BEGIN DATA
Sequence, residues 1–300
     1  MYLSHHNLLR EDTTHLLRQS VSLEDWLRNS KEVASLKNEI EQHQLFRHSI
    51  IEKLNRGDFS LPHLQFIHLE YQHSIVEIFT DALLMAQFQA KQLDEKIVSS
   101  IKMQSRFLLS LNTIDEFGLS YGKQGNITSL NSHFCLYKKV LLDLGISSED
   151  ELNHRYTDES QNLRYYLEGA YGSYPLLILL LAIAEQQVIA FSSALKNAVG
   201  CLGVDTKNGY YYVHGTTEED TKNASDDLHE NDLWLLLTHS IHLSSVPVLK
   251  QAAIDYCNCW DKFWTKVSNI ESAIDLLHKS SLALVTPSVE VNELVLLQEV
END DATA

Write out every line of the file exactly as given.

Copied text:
Sequence, residues 1–300
     1  MYLSHHNLLR EDTTHLLRQS VSLEDWLRNS KEVASLKNEI EQHQLFRHSI
    51  IEKLNRGDFS LPHLQFIHLE YQHSIVEIFT DALLMAQFQA KQLDEKIVSS
   101  IKMQSRFLLS LNTIDEFGLS YGKQGNITSL NSHFCLYKKV LLDLGISSED
   151  ELNHRYTDES QNLRYYLEGA YGSYPLLILL LAIAEQQVIA FSSALKNAVG
   201  CLGVDTKNGY YYVHGTTEED TKNASDDLHE NDLWLLLTHS IHLSSVPVLK
   251  QAAIDYCNCW DKFWTKVSNI ESAIDLLHKS SLALVTPSVE VNELVLLQEV